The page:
IdentifiantMot de passe
Mot de passe oublié ?
21.5 Interpolation functions

# 21.5 Interpolation functions

This section describes various interpolation functions that are based on B-spline theory. A good introduction to B-splines can be found in: M. Unser, "Splines: A Perfect Fit for Signal and Image Processing," IEEE Signal Processing Magazine, vol. 16, no. 6, pp. 22-38, November 1999.

## 21.5.1 Spline pre-filters

Interpolation using splines of an order larger than 1 requires a pre- filtering step. The interpolation functions described in section 21.5.2 apply pre-filtering by calling spline_filter, but they can be instructed not to do this by setting the prefilter keyword equal to False. This is useful if more than one interpolation operation is done on the same array. In this case it is more efficient to do the pre-filtering only once and use a prefiltered array as the input of the interpolation functions. The following two functions implement the pre-filtering:

 spline_filter1d( input, order=3, axis=-1, output=None, output_type=numarray.Float64)
The spline_filter1d function calculates a one-dimensional spline filter along the given axis. An output array can optionally be provided. The order of the spline must be larger then 1 and less than 6.

 spline_filter( input, order=3, output=None, output_type=numarray.Float64)
The spline_filter function calculates a multi-dimensional spline filter.

Note: The multi-dimensional filter is implemented as a sequence of one-dimensional spline filters. The intermediate arrays are stored in the same data type as the output. Therefore, if an output with a limited precision is requested, the results may be imprecise because intermediate results may be stored with insufficient precision. This can be prevented by specifying a output type of high precision.

## 21.5.2 Interpolation functions

Following functions all employ spline interpolation to effect some type of geometric transformation of the input array. This requires a mapping of the output coordinates to the input coordinates, and therefore the possibility arises that input values outside the boundaries are needed. This problem is solved in the same way as described in section 21.3 for the multi-dimensional filter functions. Therefore these functions all support a mode parameter that determines how the boundaries are handled, and a cval parameter that gives a constant value in case that the 'constant' mode is used.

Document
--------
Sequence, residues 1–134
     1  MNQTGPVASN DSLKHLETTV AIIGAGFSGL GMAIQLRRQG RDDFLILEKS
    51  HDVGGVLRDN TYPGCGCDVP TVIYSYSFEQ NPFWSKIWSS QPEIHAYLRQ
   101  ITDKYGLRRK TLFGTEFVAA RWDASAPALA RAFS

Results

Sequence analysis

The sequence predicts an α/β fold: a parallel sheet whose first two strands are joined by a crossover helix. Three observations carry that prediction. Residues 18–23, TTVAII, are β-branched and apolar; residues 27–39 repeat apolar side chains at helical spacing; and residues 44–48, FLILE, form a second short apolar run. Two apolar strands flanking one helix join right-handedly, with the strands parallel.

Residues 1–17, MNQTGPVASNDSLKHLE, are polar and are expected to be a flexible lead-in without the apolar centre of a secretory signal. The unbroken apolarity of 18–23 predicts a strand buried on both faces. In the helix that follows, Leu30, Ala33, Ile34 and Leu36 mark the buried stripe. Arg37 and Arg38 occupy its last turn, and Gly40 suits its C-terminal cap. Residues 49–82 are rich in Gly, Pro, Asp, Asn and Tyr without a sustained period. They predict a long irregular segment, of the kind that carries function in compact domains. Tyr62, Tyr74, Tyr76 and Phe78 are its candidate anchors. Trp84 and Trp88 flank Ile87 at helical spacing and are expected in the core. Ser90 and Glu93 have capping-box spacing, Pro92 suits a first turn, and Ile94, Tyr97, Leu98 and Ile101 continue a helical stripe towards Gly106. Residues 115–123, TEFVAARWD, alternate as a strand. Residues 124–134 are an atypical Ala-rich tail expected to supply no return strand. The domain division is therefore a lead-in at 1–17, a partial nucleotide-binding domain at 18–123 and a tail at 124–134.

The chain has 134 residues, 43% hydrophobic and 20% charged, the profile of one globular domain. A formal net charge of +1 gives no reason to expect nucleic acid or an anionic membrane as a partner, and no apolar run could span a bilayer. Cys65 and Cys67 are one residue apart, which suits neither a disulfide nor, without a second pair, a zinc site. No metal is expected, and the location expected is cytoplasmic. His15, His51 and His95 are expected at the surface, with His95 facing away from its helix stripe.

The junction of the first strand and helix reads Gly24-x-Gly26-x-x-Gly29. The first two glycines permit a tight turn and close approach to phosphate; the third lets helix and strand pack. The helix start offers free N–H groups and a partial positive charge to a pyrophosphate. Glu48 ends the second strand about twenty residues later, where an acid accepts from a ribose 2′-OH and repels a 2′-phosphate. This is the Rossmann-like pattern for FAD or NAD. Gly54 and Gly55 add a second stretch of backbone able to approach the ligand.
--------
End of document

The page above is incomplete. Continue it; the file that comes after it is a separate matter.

geometric_transform( input, mapping, output_shape=None, output_type=None, output=None, order=3, mode='constant', cval=0.0, prefilter=True, extra_arguments = (), extra_keywords = )
The geometric_transform function applies an arbitrary geometric transform to the input. The given mapping function is called at each point in the output to find the corresponding coordinates in the input. mapping must be a callable object that accepts a tuple of length equal to the output array rank and returns the corresponding input coordinates as a tuple of length equal to the input array rank. The output shape and output type can optionally be provided. If not given they are equal to the input shape and type.

For example:

```>>> a = arange(12, shape=(4,3), type = Float64)
>>> def shift_func(output_coordinates):
...     return (output_coordinates[0] - 0.5, output_coordinates[1] - 0.5)
...
>>> print geometric_transform(a, shift_func)
[[ 0.      0.      0.    ]
[ 0.      1.3625  2.7375]
[ 0.      4.8125  6.1875]
[ 0.      8.2625  9.6375]]
```